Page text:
The Indigenous Jabber to Parliament referendum will happen on Saturday, October 14.
The question on the ballot paper would possibly be: “A Proposed Law: to alter the Constitution to recognise the First Peoples of Australia by establishing an Aboriginal and Torres Strait Islander Jabber. Carry out you approve this proposed alteration?”
We’re answering readers’ lingering questions about the Jabber right here, but right here is information specifically on what to quiz on referendum day.
When trace polls end?
Polling cubicles will start at 8am and end at 6pm, local time. Folk can vote at any polling place of their gain state and territory — for of us that are interstate, there would possibly be special interstate balloting cubicles.
The ballot paper will encompass a box where voters write both “Sure” or “No”.
The Australian Electoral Commission (AEC) has an online tool that helps of us find a suitable balloting place. Early and postal balloting are options as well — the AEC has more information on that on its online page. Early balloting places end Friday, and the deadline to apply for a postal vote is 6pm on Wednesday, October 11.
Exact care for on an election day, many polling places will provide democracy sausages for sale. There is an online tool for finding these as well.
Balloting is compulsory.
When will we all know the outcomes?
Because polls end 6pm local time, some states will achieve balloting later than others.
AEC commissioner Tom Rogers has said he won’t be able to officially declare any states till postal votes have been counted. The return date for postal votes is 2 weeks after October 14.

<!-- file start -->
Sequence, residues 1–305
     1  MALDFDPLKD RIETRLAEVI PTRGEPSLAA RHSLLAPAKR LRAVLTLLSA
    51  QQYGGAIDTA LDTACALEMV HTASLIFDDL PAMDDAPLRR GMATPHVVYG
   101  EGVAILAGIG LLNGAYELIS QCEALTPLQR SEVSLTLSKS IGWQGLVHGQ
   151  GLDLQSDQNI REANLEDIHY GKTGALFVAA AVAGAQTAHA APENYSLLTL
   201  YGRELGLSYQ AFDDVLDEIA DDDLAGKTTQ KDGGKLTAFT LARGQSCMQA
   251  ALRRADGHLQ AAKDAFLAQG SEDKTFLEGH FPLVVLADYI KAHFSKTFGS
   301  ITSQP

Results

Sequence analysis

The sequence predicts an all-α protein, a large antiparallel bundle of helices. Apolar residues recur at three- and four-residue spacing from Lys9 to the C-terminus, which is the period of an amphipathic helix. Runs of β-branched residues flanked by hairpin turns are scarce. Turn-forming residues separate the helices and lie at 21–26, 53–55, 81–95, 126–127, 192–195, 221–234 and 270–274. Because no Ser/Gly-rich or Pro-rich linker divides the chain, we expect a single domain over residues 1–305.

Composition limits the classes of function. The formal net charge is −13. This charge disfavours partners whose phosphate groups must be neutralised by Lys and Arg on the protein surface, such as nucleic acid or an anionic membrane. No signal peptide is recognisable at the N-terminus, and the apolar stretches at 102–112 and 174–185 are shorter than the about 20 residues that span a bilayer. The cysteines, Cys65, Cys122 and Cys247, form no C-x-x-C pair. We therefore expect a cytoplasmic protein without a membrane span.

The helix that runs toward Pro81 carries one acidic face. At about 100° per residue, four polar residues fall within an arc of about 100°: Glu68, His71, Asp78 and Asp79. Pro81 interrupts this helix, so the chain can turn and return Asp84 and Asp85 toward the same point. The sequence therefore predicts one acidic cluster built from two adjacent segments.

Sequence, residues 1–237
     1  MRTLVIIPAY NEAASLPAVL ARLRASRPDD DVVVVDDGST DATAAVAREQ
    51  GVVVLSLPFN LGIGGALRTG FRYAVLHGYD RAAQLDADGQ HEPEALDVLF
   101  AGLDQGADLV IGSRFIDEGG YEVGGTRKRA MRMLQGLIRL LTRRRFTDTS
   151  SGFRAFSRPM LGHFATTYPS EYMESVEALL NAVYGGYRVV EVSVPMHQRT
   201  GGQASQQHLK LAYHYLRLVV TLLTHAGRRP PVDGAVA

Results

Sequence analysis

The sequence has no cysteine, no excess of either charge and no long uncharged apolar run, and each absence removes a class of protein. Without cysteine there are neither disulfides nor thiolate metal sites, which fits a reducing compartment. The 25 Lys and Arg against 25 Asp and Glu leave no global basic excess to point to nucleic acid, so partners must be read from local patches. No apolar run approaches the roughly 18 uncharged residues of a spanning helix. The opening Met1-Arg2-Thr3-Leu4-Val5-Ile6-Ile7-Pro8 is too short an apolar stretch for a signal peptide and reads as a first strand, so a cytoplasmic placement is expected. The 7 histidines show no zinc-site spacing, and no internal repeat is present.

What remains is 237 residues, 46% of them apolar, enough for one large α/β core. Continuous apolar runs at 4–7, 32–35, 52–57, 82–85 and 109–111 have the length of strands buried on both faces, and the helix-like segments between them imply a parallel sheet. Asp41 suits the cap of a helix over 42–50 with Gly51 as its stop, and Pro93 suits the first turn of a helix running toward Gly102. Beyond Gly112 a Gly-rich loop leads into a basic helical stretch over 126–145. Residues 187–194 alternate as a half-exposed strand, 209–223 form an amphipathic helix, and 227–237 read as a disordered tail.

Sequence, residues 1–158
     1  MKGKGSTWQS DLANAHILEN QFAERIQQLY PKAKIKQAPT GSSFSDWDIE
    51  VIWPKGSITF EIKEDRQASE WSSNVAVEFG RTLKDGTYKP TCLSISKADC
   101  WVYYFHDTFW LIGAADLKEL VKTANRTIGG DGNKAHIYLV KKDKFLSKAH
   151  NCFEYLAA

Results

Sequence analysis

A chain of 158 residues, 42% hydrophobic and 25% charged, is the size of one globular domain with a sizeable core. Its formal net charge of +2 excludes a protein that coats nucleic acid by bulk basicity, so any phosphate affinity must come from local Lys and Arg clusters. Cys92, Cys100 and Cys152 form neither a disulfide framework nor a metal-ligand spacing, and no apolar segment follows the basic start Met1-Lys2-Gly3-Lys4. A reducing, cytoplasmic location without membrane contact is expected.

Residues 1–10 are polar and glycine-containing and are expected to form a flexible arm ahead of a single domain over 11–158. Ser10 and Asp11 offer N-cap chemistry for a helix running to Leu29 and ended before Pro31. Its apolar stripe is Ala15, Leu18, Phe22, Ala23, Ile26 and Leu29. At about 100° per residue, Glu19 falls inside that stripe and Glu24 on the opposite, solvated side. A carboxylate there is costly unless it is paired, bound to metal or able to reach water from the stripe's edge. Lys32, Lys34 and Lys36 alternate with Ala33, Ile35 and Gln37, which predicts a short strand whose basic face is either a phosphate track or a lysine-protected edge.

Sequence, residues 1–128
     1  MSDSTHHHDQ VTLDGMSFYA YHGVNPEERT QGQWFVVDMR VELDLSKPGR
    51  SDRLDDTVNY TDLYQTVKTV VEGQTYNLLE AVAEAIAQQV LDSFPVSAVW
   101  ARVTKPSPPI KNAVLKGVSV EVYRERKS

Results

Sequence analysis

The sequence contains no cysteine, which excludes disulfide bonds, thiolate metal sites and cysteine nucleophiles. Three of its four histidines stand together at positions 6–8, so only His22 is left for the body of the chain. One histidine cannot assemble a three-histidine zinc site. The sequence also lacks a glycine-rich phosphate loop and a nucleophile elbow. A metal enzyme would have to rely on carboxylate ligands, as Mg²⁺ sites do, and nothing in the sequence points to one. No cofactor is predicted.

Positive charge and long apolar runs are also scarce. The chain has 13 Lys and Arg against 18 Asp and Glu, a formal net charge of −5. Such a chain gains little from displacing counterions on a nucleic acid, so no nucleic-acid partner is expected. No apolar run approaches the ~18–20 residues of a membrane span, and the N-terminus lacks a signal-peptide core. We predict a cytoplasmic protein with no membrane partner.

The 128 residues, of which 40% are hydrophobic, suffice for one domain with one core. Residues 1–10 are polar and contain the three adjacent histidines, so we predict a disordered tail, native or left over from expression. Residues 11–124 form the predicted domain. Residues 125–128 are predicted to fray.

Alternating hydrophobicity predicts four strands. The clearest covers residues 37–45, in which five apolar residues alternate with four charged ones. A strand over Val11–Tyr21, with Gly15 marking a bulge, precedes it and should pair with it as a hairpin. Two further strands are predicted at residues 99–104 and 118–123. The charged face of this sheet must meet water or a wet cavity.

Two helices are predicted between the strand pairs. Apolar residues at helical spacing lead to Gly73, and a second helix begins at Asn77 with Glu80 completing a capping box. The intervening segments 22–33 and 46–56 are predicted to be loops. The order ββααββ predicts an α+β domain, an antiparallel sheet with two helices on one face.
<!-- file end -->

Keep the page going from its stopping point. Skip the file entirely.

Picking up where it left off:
The ABC’s Antony Green writes on his blog that that delay doesn’t necessarily mean we’ll have to wait two weeks to find out the final consequence: “Except the final consequence is extraordinarily end, we are able to know the final consequence on election night time. And if the polling is accurate, we may know the final consequence in a short time … If Sure or No has a significant lead on election night time when four-fifths of votes are counted, it’s miles extremely now not really that the outstanding one-fifth of the vote can overturn an election night time lead. With the exception of in the case of a very narrow Sure lead.”
An AEC spokesperson told Crikey: “The timing for when Australians gain an indication of whether or now not or now not the referendum would possibly be carried entirely depends on how end the margin is.”
Journalists would possibly be fed outcomes thru the evening via the AEC, the same way elections work.
What’s going to be on TV?
It’s safe to assume all the major television networks will provide are living coverage of the vote count.
The ABC will initiate its coverage at 5.30pm AEDT and the of us on display will reportedly encompass David Speers, Bridget Brennan, Patricia Karvelas, Laura Tingle, Isabella Higgins and Green. TV guides indicate the coverage will bustle till 10pm.
The Australian stories Sky News will initiate its “in-depth coverage” at 5pm AEDT. The program would possibly be anchored by Kieran Gilbert, and the panel will encompass political editor Andrew Clennell and hosts Chris Kenny and Peta Credlin.
Sky’s coverage will also encompass Communications Minister Michelle Rowland, Nationals leader David Littleproud, Indigenous affairs commentator Anthony Dillon and faded Labor minister Stephen Conroy, as well as hosts Paul Murray, Laura Jayes and northern Australian correspondent Matt Cunningham.
A Nine spokesperson told Crikey: “We can be providing updates at some point of the day and dedicated news coverage in the evening, together with a special late bulletin.”
Seven had no information on its coverage, but a TV information showed slots marked “The Jabber referendum” at 7pm and 9.50pm.
How many of us have voted early?
As of Sunday, October 8, the AEC had acquired 2,21,581 early votes. The commission had acquired 1,945,823 postal vote applications, and 92,162 of us had voted via an AEC cellular polling team.